Manila: A Filipino environment activist trekked to the North Pole, signed the Arctic Declaration, and vowed to fight for the implementation of the declaration’s 10 demands.
The document calls on all nations to stop their dependence on fossil fuel, which contributes to the rapid melting of ice in the Arctic region; and to support the creation of Arctic Sanctuary, a spot called the world’s head.
“I was born over 8,500 kilometres from the North Pole. I have come to realise that my future, and the future of my country, is tied to the fate of the melting Arctic,” Naderev Saño said in a statement released by Greenpeace to reporters in Manila.
“It is quite clear that burning fossil fuels is the chief cause of climate change, and the Arctic is at the very centre of this man-made crisis in the North Pole),” Saño said while aboard Esperanza, a Greenpeace ship, as it docked at Longyearbyen, a major port on Svalbard, Norway where the North Pole’s precarious ice edge could be seen.
Saño is the Philippine government’s climate change commissioner and negotiator for the Philippines at the United Nations Framework Convention on Climate Change (UNFCCC).
“I appeal to the world’s leaders at the (forthcoming) climate summit in New York (on September 23) to take actions to protect the Arctic and cut fossil fuel emissions that are driving climate change,” Saño said, adding, “If the world wishes to avert the most catastrophic impacts of climate change, we must rapidly transition to a clean energy future, and abandon crazy projects like oil drilling in the Arctic.”
“Climate change could mean more frequent and more intense extreme weather. It is countries like the Philippines that feel the immediate effects of climate change,” Saño said, adding he would remain aboard the ship until September 12.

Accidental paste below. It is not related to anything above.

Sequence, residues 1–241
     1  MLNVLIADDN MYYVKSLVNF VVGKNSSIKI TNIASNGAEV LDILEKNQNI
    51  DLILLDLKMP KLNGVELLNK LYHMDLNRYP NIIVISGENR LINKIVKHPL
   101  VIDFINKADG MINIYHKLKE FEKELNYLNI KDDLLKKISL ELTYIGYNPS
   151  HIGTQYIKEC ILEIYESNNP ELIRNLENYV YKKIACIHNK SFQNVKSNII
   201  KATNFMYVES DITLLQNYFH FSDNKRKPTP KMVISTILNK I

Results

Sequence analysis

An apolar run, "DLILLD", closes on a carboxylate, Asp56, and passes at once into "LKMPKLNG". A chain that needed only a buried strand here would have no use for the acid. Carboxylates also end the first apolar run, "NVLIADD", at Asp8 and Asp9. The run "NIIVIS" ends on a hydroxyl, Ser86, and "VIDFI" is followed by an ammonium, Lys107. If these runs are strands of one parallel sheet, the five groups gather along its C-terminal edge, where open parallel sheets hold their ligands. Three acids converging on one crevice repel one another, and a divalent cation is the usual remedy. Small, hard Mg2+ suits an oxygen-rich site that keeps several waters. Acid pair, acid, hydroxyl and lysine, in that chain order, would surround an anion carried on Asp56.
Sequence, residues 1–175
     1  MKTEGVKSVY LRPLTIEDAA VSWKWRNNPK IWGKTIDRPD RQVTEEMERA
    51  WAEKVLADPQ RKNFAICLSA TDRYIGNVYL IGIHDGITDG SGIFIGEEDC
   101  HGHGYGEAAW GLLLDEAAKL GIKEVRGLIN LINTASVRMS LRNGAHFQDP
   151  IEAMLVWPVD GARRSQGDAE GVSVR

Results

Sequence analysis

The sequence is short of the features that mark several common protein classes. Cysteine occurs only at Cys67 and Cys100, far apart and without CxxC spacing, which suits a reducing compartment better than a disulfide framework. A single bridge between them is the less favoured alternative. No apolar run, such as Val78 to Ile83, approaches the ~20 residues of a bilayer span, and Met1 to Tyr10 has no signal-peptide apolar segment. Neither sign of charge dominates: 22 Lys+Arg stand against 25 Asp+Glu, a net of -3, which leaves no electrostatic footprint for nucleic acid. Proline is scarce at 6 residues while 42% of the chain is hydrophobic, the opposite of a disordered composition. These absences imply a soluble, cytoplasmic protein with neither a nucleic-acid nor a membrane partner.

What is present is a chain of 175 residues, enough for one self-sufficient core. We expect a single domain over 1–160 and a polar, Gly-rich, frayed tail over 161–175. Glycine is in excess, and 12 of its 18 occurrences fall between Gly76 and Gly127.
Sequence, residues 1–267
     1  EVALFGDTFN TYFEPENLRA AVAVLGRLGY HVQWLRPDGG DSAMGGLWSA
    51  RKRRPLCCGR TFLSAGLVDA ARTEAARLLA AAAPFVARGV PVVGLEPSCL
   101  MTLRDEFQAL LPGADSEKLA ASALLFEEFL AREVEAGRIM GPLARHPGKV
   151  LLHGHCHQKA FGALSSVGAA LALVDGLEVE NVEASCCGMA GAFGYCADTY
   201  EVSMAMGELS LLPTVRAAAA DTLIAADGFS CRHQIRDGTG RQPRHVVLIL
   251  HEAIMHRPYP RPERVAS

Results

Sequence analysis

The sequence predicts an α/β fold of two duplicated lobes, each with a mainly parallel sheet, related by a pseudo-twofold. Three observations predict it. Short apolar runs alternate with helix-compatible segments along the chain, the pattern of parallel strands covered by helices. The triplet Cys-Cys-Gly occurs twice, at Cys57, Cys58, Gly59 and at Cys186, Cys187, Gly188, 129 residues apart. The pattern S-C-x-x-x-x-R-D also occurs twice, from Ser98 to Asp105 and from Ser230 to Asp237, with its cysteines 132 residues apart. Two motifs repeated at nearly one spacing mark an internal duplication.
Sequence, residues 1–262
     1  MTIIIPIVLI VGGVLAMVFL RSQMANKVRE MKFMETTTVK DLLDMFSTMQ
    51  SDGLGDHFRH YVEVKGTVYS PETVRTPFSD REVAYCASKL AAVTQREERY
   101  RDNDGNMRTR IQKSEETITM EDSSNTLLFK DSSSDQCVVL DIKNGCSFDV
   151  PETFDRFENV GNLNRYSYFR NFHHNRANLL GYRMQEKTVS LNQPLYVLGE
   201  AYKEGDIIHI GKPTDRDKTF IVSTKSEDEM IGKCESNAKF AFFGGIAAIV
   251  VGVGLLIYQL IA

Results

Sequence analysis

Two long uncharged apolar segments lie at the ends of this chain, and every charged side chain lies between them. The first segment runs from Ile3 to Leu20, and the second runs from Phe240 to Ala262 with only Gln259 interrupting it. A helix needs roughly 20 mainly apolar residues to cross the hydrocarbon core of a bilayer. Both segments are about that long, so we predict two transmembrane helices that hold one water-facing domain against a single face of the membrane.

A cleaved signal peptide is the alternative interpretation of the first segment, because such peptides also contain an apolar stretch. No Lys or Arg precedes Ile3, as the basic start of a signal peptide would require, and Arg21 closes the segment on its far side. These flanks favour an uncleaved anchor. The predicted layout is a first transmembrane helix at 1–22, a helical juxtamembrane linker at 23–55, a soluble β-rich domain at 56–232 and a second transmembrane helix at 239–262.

Reporting on the state of the North Pole, Saño said it has had minimum sea ice level for the last seven years, its record lowest was in 2012.
“This year’s sea ice level, though not as bad as in 2012, is consistent with a dramatic collapse in ice extent witnessed in recent years,” Saño observed.
Last November 2013, while attending the UN’s climate meeting in Warsaw, Saño gave a heart-rending speech after Typhoon Haiyan, a four-grade storm killed almost 7,000 displaced 15 million and left 6,000 jobless in central Philippines.
In the public spotlight since then, Saño intensified his call on nations to address climate change.
Being at the North Pole was one way of dramatising his commitment to efforts to raise a worldwide awareness to end climate change.
The Philippines is hit by 20 deadly typhoons every year. It is also part of Asia Pacific’s “Ring of Fire” where volcanic eruption and earthquakes always occur.
Philippine government agencies are always measured by the way they respond to disasters that commonly occur every year.